- to coil again.
Origin of re-coil
- to draw back; start or shrink back, as in alarm, horror, or disgust.
- to spring or fly back, as in consequence of force of impact or the force of the discharge, as a firearm.
- to spring or come back; react (usually followed by on or upon): Plots frequently recoil upon the plotters.
- Physics. (of an atom, a nucleus, or a particle) to undergo a change in momentum as a result either of a collision with an atom, a nucleus, or a particle or of the emission of a particle.
- an act of recoiling.
- the distance through which a weapon moves backward after discharging.
Origin of recoil
Synonyms for recoil
Related Words for recoiledblanch, hesitate, balk, waver, cringe, tremble, blink, shudder, demur, backfire, reel, wince, flinch, dodge, swerve, withdraw, jerk, falter, spring, rebound
Examples from the Web for recoiled
Contemporary Examples of recoiled
But we recoiled against the idea that the only way to secure them was to work hard enough and long enough to own them.How Young People Are Destroying Liberty
October 11, 2014
As a teenager, I recoiled from this image of my father as a violent mess, and I began to build a better version in my own mind.Dealing With Dad the Dealer
April 9, 2014
I leaned out of the window but recoiled with disgust, for the young man with the pasty face stood below in the churchyard.Read ‘The King in Yellow,’ the ‘True Detective’ Reference That’s the Key to the Show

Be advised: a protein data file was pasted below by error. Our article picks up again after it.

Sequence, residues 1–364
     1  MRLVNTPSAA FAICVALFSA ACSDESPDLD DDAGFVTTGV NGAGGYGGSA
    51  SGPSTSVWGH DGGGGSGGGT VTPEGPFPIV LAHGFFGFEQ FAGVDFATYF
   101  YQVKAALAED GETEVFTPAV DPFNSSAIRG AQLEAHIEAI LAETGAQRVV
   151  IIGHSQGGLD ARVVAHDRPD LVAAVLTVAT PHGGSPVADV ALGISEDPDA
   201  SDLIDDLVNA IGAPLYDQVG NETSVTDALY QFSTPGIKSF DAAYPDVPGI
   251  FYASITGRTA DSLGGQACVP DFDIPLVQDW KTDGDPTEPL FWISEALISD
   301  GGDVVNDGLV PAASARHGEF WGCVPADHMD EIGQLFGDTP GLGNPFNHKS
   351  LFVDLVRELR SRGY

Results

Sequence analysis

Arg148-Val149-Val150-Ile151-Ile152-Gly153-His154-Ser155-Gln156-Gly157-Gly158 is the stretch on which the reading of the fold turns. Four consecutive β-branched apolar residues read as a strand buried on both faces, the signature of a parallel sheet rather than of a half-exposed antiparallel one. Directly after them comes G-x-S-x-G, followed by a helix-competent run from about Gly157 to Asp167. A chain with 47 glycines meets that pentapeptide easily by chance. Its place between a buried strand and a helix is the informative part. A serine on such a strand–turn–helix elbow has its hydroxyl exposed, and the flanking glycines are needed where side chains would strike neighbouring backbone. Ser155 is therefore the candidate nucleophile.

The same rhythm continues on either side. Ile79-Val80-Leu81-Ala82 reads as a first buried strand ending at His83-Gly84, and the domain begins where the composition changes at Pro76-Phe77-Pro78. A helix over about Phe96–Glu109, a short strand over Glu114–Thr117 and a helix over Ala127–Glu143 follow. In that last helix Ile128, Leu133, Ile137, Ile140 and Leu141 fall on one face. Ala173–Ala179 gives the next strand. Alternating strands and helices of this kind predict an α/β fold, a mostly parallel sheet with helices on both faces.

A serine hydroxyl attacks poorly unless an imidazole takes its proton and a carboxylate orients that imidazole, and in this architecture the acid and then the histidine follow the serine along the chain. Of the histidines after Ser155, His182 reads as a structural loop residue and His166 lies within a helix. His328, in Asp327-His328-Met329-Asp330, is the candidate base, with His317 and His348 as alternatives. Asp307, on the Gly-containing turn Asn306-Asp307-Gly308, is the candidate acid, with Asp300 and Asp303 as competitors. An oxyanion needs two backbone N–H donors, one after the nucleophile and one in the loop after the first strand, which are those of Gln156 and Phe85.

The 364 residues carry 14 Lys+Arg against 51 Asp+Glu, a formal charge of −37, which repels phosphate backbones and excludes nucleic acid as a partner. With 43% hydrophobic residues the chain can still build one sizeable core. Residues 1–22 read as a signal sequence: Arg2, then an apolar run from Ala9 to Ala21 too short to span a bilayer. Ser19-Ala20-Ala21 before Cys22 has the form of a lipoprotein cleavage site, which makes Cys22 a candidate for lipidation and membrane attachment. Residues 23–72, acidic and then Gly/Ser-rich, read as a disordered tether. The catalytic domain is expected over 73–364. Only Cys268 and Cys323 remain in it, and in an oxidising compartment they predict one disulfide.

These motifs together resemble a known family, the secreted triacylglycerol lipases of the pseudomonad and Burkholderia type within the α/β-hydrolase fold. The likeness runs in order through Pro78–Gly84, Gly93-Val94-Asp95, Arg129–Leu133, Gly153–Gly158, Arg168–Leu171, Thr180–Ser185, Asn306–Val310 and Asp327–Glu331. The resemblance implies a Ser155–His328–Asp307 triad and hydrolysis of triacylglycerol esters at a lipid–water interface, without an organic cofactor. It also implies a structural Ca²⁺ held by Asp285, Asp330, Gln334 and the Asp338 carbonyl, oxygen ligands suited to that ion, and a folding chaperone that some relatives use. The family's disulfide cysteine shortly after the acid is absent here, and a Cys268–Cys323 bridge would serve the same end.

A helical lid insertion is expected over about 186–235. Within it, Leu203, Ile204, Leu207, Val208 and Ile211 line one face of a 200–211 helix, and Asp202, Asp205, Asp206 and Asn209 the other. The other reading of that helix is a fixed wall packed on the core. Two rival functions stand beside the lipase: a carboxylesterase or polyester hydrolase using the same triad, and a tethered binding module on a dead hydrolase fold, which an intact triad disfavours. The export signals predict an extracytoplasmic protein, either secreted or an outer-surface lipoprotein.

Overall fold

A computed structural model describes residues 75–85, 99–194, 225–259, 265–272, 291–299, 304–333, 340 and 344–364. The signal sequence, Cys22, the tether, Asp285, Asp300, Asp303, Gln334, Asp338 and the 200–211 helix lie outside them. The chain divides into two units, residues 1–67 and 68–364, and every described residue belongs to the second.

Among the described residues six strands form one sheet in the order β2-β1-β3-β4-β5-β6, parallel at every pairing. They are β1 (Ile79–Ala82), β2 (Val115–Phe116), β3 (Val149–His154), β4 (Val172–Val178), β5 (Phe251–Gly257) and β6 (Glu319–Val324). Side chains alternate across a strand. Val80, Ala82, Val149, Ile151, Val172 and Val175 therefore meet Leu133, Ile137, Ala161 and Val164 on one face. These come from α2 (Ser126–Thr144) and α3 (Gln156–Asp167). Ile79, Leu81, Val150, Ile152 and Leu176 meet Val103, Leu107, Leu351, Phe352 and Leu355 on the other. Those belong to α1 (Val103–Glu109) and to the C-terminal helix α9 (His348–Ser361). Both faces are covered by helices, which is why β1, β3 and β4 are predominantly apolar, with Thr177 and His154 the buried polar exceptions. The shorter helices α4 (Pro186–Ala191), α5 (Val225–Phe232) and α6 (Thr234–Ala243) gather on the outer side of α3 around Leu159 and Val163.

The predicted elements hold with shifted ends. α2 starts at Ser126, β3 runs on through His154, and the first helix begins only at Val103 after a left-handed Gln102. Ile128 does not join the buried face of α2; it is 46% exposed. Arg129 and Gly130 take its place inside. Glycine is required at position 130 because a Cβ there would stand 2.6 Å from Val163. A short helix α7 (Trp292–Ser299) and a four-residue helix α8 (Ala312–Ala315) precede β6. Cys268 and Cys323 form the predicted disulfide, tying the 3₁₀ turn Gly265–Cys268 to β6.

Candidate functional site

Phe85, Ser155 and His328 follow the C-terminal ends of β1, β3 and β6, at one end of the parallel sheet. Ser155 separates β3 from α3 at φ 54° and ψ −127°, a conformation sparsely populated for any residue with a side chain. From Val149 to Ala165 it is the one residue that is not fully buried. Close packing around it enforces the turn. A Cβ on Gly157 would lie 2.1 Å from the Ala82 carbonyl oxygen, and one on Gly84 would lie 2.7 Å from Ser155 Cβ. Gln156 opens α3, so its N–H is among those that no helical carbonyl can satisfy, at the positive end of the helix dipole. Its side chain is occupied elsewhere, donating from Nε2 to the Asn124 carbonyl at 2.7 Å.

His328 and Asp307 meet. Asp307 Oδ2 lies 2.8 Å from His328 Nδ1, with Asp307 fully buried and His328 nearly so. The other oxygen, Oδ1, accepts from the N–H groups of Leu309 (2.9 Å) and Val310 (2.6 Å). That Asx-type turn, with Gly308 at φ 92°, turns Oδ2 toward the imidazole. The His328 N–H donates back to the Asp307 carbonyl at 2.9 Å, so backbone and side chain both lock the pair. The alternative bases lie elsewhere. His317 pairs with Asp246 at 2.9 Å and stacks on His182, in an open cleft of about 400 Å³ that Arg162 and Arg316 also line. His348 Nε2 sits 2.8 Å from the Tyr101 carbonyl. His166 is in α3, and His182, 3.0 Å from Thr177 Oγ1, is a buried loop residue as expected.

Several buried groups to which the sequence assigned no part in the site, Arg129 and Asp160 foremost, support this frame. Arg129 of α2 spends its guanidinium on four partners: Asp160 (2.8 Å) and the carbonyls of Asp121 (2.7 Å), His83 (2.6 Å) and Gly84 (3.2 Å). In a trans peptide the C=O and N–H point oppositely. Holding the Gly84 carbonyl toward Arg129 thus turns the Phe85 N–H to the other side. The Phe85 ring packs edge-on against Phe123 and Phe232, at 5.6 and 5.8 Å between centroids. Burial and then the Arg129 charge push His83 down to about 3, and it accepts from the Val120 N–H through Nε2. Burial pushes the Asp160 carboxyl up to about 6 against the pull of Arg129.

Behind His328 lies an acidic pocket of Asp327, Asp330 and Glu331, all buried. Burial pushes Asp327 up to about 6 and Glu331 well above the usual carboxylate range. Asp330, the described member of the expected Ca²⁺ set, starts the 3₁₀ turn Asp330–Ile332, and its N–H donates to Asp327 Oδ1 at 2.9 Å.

Robert W. Chambers
February 20, 2014
I called Tony to thank him, but instead of accepting the thanks he recoiled.Anthony Lewis’s Cousin Remembers His Kindness to a Young Journalist
March 26, 2013
But until very recently, even Western societies often recoiled when confronted with a powerful woman in a position of authority.Why DSK's Wife Beat Out Christine Lagarde as France's Woman of the Year
December 21, 2011
Historical Examples of recoiled
Vaudemont recoiled before that gaze, and turned from the church.Night and Morning, Complete
After that he recoiled from hurt because he knew that it was hurt.White Fang
Sigmund looked surprised, and recoiled a little; a shock clouding his eyes.The First Violin
In astonishment at seeing me, Bersonin recoiled; Detchard jumped to his sword.The Prisoner of Zenda
As Vere saw it, showing redly through the darkness, she recoiled.A Spirit in Prison
- to jerk back, as from an impact or violent thrust
- (often foll by from) to draw back in fear, horror, or disgustto recoil from the sight of blood
- (foll by on or upon) to go wrong, esp so as to hurt the perpetrator
- (of a nucleus, atom, molecule, or elementary particle) to change momentum as a result of the emission of a photon or particle
- the backward movement of a gun when fired
- the distance moved
- the motion acquired by a particle as a result of its emission of a photon or other particle
- the act of recoiling
Word Origin for recoil
c.1300, "retreat," from Old French recul "recoil, backward movement, retreat," from reculer (see recoil (v.)). Meaning "back-kick of a firearm" is from 1570s.
early 13c. (transitive) "force back, drive back," from Old French reculer "to go back, give way, recede, retreat" (12c.), from Vulgar Latin *reculare, from Latin re- "back" (see re-) + culus "backside, bottom, fundament." Meaning "shrink back, retreat" is first recorded c.1300; and that of "spring back" (as a gun) in 1520s. Related: Recoiled; recoiling.